The coke, prior to being used in zone 11, may be impregnated with an iron salt, such as ferrous sulfate, in zone 18, instead of effecting such treatment subsequent to arsenic removal and prior to combustion.
Although the embodiment has been described with particular reference to theuse of coke as a solid contact material, it is to be understood that other contact materials may be employed.
The present invention is particularly advantageous in that it permits pretreating of a hydrocarbon feedstock which contains arsenic as an impurity, to effectively remove such arsenic and eliminate the problems caused by the arsenic in subsequent hydrotreating zones. In general, arsenic impurity is reduced to less than 2 ppm. In addition, the potentialhealth hazard problems encountered in disposing of arsenic impurity can be eliminated. By proceeding in accordance with the invention, it is possibleto dispose of the arsenic-containing impurity as a non-volatile, chemicallystable, water insoluble iron arsenic compound which can be buried without providing health hazard problems. In accordance with the preferred aspects, such arsenic iron compound is in the form of a naturally occurring "ore."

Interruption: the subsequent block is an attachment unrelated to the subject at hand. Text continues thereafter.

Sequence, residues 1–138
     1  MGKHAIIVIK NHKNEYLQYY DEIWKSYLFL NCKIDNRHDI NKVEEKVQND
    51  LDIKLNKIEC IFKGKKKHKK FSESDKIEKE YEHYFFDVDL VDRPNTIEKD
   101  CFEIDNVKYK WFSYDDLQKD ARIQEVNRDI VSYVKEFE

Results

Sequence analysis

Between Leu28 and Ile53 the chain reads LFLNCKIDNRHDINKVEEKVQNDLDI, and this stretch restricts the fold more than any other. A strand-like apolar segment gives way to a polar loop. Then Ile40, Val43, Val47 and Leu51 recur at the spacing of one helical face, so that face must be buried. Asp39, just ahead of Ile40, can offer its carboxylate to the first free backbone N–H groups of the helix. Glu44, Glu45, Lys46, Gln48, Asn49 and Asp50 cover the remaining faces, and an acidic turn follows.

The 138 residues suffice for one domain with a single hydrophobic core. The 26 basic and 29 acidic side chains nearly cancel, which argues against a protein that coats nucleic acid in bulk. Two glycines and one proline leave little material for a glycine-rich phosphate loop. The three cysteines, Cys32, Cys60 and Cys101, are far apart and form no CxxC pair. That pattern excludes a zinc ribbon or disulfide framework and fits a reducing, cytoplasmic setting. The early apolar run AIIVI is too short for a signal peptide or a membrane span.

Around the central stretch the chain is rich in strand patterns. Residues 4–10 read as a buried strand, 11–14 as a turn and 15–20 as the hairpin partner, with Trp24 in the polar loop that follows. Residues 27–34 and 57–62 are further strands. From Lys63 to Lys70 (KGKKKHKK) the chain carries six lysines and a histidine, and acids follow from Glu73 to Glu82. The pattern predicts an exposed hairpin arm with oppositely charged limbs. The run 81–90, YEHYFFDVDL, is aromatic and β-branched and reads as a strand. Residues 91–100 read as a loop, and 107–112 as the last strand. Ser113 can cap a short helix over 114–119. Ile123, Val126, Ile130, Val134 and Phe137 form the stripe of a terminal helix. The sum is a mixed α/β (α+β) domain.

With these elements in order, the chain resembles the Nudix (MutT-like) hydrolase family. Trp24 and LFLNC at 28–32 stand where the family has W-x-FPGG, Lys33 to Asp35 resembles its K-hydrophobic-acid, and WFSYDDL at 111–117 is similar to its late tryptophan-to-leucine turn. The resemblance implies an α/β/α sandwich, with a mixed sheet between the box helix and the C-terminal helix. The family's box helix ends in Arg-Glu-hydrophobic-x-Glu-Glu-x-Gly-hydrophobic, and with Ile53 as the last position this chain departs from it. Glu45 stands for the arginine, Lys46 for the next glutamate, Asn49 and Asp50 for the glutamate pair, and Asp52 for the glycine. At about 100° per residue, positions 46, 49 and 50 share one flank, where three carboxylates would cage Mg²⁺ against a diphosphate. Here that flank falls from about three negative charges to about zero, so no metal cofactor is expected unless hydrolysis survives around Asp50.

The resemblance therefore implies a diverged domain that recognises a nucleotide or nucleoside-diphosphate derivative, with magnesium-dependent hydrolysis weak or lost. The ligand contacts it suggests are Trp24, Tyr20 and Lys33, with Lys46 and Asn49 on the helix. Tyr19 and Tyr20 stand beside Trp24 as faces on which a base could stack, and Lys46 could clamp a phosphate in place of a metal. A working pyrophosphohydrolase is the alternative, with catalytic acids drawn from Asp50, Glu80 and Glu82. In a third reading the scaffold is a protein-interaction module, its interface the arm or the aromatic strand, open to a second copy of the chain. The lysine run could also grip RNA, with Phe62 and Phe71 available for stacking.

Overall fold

Numerous modifications and variations of the present invention are possiblein light of the above teachings and, therefore, within the scope of the appended claims, the invention may be practiced otherwise than as particularly described.